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Old English ceder, blended in Middle English with Old French cedre, both from Latin cedrus, from Greek kedros "cedar, juniper," origin uncertain. Cedar oil was used by the Egyptians in embalming as a preservative against decay and the word for it was used figuratively for "immortality" by the Romans. Cedar chest attested from 1722. Related: Cedrine.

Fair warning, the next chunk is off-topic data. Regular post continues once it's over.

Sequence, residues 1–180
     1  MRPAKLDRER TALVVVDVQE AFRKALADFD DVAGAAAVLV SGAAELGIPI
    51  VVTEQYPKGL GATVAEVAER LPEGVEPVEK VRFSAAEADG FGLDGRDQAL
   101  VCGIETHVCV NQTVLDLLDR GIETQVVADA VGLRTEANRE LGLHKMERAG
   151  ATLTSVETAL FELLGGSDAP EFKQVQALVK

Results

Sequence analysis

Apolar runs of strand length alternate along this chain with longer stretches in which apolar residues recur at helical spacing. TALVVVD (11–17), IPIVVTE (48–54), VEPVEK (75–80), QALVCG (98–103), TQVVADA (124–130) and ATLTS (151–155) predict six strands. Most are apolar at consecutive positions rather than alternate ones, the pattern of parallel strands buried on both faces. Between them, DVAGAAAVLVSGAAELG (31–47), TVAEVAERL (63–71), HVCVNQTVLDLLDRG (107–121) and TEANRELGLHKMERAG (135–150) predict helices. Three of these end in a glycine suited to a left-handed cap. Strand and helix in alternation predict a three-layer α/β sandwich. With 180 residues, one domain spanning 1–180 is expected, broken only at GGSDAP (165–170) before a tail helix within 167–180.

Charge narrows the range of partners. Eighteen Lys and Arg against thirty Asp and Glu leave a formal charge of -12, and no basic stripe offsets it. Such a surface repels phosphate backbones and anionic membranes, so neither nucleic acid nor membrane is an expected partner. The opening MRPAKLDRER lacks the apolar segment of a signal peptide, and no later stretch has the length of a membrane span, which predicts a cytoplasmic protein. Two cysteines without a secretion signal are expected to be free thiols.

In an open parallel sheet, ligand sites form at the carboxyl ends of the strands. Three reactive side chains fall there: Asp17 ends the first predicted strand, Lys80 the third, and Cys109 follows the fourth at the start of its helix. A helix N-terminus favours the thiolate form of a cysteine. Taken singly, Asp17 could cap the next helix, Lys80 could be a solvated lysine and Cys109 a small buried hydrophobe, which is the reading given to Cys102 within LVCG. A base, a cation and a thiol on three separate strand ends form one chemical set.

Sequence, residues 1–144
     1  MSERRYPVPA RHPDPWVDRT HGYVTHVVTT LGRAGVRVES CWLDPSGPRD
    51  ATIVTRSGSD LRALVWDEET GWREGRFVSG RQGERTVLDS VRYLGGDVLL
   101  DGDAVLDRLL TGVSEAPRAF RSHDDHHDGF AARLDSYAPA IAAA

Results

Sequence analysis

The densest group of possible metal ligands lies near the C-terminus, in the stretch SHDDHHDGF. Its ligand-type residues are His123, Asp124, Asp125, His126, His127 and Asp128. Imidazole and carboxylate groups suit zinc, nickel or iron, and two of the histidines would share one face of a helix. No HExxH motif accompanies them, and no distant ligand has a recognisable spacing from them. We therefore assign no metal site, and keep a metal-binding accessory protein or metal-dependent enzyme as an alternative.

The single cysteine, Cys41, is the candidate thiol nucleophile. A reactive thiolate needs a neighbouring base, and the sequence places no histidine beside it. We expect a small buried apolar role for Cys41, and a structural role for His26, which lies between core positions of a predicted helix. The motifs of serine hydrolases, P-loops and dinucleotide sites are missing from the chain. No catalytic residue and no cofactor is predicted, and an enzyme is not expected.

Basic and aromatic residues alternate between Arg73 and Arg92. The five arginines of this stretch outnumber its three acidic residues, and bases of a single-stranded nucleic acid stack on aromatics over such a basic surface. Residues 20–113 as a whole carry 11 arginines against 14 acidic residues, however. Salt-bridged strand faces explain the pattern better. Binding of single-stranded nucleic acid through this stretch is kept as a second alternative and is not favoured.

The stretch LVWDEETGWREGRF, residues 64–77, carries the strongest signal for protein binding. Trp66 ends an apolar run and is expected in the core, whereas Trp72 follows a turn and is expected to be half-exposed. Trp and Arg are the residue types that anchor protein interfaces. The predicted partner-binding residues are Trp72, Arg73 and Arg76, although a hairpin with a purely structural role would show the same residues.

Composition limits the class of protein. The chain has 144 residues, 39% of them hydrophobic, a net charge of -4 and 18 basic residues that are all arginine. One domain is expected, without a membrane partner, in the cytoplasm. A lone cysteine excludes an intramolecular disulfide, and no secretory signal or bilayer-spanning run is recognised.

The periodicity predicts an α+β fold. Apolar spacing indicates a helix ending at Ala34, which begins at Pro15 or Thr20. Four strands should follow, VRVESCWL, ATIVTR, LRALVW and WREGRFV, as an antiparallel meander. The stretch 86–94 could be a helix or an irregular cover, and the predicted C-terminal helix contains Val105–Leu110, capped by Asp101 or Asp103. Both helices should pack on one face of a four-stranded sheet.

(Heb. e'rez, Gr. kedros, Lat. cedrus), a tree very frequently mentioned in Scripture. It was stately (Ezek. 31:3-5), long-branched (Ps. 80:10; 92:12; Ezek. 31:6-9), odoriferous (Cant. 4:11; Hos. 14:6), durable, and therefore much used for boards, pillars, and ceilings (1 Kings 6:9, 10; 7:2; Jer. 22:14), for masts (Ezek. 27:5), and for carved images (Isa. 44:14). It grew very abundantly in Palestine, and particularly on Lebanon, of which it was "the glory" (Isa. 35:2; 60:13). Hiram supplied Solomon with cedar trees from Lebanon for various purposes connected with the construction of the temple and the king's palace (2 Sam. 5:11; 7:2, 7; 1 Kings 5:6, 8,10; 6:9, 10, 15, 16, 18, 20; 7:2, 3, 7, 11, 12; 9:11, etc.). Cedars were used also in the building of the second temple under Zerubbabel (Ezra 3:7). Of the ancient cedars of Lebanon there remain now only some seven or eight. They are not standing together. But beside them there are found between three hundred and four hundred of younger growth. They stand in an amphitheatre fronting the west, about 6,400 feet above the level of the sea. The cedar is often figuratively alluded to in the sacred Scriptures. "The mighty conquerors of olden days, the despots of Assyria and the Pharaohs of Egypt, the proud and idolatrous monarchs of Judah, the Hebrew commonwealth itself, the war-like Ammonites of patriarchal times, and the moral majesty of the Messianic age, are all compared to the towering cedar, in its royal loftiness and supremacy (Isa. 2:13; Ezek. 17:3, 22, 23, 31:3-9; Amos 2:9; Zech. 11:1, 2; Job 40:17; Ps. 29:5; 80:10; 92:12, etc).", Groser's Scrip. Nat. Hist. (See BOX-TREE ØT0000636.)